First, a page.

http://news.independent.co.uk/uk/health_medical/article2326232.ece

A post made here has just disappeared. Why is that?

19. Chaise Guevara

“A post made here has just disappeared. Why is that?”

I suspect it happens a lot – either that, or people on here are uncommonly bad at citing the right number for the comment they’re replying to.

And I do wonder what it’s about, especially as other comments are explicitally moderated out.

“Health commissioning best handled by staff in doctors’ jobs, says BMA”

As Mandy Rice Davies memorably said, “They would, wouldn’t they?”

How come this then?

“Reform of the NHS planned under the government’s white paper will cost around £3bn without saving money or improving patient care, a leading academic has warned in the British Medical Journal.”
http://www.telegraph.co.uk/health/healthnews/7894203/NHS-reforms-will-cost-3bn-and-will-not-work-academic.html

And patient care is what we should be worrying about with reports in the news such as this:

“More than 5,700 patients in England died or suffered serious harm due to errors latest figures for a six-month period show. The National Patient Safety Agency said there were 459,500 safety incidents from October 2008 to March 2009 – the highest rate since records began. Patient accidents were the most common problem, followed by mistakes made during treatment and with medication.”
http://news.bbc.co.uk/1/hi/8295417.stm

The worrying insight is that there are many similar reports in the media.

Try this balanced assessment in Saturday’s The Economist of Lansley’s proposals for reforming the NHS

Once more into the ring:
http://www.economist.com/node/16592445?story_id=16592445

What’s so worrying for those of us dependent on NHS healthcare is the number of informed independent commenators who are posting warnings.

Btw for any readers still unfamiliar with the context of my reference above to Mandy-Rice Davies, try this:
http://en.wikipedia.org/wiki/Mandy_Rice-Davies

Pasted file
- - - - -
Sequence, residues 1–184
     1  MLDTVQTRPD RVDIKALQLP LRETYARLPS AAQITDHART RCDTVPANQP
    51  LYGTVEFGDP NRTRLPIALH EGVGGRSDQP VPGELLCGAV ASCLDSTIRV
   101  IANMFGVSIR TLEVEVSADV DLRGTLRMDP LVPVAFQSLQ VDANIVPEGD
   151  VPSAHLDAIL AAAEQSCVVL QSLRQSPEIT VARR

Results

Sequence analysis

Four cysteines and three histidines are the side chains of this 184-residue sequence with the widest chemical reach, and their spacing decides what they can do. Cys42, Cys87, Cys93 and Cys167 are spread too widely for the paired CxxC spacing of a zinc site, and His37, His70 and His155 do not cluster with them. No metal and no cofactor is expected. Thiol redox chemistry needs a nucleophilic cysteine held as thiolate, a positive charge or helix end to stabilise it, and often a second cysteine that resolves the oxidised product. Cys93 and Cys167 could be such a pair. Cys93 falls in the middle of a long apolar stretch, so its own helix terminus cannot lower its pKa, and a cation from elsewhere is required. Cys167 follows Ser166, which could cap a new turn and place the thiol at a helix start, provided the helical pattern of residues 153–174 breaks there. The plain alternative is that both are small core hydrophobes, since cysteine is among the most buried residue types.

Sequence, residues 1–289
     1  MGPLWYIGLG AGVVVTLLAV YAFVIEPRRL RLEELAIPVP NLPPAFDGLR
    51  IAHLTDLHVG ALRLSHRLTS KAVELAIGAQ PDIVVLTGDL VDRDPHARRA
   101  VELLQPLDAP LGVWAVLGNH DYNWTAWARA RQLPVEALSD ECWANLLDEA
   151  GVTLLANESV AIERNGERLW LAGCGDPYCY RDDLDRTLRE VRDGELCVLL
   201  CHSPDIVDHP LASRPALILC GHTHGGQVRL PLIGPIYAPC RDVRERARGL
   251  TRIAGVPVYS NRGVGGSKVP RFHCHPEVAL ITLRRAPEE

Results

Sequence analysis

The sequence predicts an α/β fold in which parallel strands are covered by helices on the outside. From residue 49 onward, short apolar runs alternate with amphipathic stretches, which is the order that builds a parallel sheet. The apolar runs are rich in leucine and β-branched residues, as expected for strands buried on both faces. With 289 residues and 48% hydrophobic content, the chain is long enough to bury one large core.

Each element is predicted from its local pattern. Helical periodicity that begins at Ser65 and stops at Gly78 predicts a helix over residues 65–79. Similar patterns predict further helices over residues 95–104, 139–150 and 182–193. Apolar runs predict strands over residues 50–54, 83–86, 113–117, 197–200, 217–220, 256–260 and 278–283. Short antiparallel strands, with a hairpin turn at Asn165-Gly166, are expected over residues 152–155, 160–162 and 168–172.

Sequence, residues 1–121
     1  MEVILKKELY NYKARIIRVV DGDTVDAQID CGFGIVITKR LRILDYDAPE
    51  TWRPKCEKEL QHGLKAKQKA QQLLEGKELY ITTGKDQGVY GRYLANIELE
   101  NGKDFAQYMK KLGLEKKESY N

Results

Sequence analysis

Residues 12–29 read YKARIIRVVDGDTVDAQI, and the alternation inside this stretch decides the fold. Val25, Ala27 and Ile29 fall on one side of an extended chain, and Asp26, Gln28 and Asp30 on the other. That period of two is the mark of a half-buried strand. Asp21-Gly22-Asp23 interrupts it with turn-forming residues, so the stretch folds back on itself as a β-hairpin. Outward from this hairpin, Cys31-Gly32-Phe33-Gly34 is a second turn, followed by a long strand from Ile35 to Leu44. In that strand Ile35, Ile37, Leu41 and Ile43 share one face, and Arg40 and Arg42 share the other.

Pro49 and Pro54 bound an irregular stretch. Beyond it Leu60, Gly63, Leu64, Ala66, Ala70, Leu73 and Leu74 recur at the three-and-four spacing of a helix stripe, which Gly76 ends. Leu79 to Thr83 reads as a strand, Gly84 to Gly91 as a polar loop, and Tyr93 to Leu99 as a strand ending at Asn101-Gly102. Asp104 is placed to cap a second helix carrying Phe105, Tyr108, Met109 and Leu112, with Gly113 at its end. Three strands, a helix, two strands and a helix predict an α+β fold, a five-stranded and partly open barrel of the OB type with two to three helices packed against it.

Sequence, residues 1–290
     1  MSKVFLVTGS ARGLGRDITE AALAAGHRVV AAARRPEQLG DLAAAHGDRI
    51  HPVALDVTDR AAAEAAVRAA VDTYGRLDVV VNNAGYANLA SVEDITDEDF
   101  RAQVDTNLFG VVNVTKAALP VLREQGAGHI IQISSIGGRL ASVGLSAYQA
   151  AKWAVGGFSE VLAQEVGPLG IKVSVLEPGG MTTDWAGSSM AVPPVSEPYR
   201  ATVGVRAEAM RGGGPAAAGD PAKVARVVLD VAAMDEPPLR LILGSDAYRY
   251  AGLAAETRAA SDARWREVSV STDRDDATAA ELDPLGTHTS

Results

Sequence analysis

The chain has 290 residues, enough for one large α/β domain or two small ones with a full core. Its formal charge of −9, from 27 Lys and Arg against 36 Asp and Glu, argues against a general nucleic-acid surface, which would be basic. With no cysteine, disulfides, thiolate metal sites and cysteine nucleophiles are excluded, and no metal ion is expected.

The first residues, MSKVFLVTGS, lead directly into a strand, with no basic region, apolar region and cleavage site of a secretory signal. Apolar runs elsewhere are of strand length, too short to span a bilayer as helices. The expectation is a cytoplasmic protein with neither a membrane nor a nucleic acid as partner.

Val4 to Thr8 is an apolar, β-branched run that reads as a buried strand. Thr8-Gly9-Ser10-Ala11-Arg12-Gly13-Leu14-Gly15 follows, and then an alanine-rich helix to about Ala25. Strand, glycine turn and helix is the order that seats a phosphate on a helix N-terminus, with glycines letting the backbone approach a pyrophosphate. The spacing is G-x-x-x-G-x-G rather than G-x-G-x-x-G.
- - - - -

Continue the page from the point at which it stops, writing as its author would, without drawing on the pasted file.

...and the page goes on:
Reactions: Twitter, blogs
  1. Liberal Conspiracy

    British Medical Journal slams Lansley for NHS 'reform' http://bit.ly/a7m0Sz

  2. Kristofer Keane

    RT @libcon: British Medical Journal slams Lansley for NHS 'reform' http://bit.ly/a7m0Sz

  3. Just Another Gooner

    RT @libcon: British Medical Journal slams Lansley for NHS 'reform' http://bit.ly/a7m0Sz

  4. Oliver Cooper

    RT @libcon British Medical Journal slams Lansley for NHS 'reform' http://bit.ly/a7m0Sz <- The voice of vested interests throughout the ages.

  5. NewLeftProject

    RT @libcon: British Medical Journal slams Lansley for NHS 'reform' http://bit.ly/a7m0Sz

  6. yorkierosie

    RT @libcon: British Medical Journal slams Lansley for NHS 'reform' http://bit.ly/a7m0Sz

  7. P. S. Wong

    RT @libcon: British Medical Journal slams Lansley for NHS 'reform' http://bit.ly/a7m0Sz

  8. LucaHelvetica

    RT @libcon: British Medical Journal slams Lansley for NHS 'reform' http://bit.ly/a7m0Sz

  9. Stephen West

    RT @OliverCooper: RT @libcon British Medical Journal slams Lansley for NHS 'reform' http://bit.ly/a7m0Sz <- The voice of vested inter …

  10. sunny hundal

    In 2006 Cameron said he'd take to the streets to protect the NHS from cuts. Let's do it http://bit.ly/a7m0Sz

  11. Clifford Singer

    RT @sunny_hundal: In 2006 Cameron said he'd take to the streets to protect the NHS from cuts. Let's do it http://bit.ly/a7m0Sz

  12. Joe Cassels

    RT @sunny_hundal: In 2006 Cameron said he'd take to the streets to protect the NHS from cuts. Let's do it http://bit.ly/a7m0Sz

  13. Stephen Almond

    RT @sunny_hundal: In 2006 Cameron said he'd take to the streets to protect the NHS from cuts. Let's do it http://bit.ly/a7m0Sz

  14. Humphrey Cushion

    RT @sunny_hundal: In 2006 Cameron said he'd take to the streets to protect the NHS from cuts. Let's do it http://bit.ly/a7m0Sz

  15. William French

    RT @sunny_hundal: In 2006 Cameron said he'd take to the streets to protect the NHS from cuts. Let's do it http://bit.ly/a7m0Sz

  16. Richard Blogger

    RT @sunny_hundal: In 2006 Cameron said he'd take to the streets to protect the NHS from cuts. Let's do it http://bit.ly/a7m0Sz

  17. Nick Holden

    RT @sunny_hundal: In 2006 Cameron said he'd take to the streets to protect the NHS from cuts. Let's do it http://bit.ly/a7m0Sz

  18. Sam Taylor

    RT @libcon BMJ slams Lansley for NHS 'reform' http://bit.ly/a7m0Sz < could the Lansley reforms be derailed? A huge campaign wld be required!

  19. Tom Sheppard

    Walshe was one of my tutors,
    And he's absolutely right – BMJ slams Lansley’s NHS ‘reorganisation’ http://is.gd/duFWs

  20. fljf

    RT @tomsheppard: Walshe was one of my tutors,
    And he's absolutely right – BMJ slams Lansley’s NHS ‘reorganisation’ http://is.gd/duFWs

  21. fljf

    RT @SamTaylor1: RT @libcon BMJ slams Lansley for NHS 'reform' http://bit.ly/a7m0Sz < could the Lansley reforms be derailed? A huge ca …

  22. Lewis Atkinson

    RT @tomsheppard: Walshe was one of my tutors,
    And he's absolutely right – BMJ slams Lansley’s NHS ‘reorganisation’ http://is.gd/duFWs

  23. Kevin McNamara

    experts slam #condemnation's plans for a shake-up of our nhs – http://bit.ly/9lZdfK





Sorry, the comment form is closed at this time.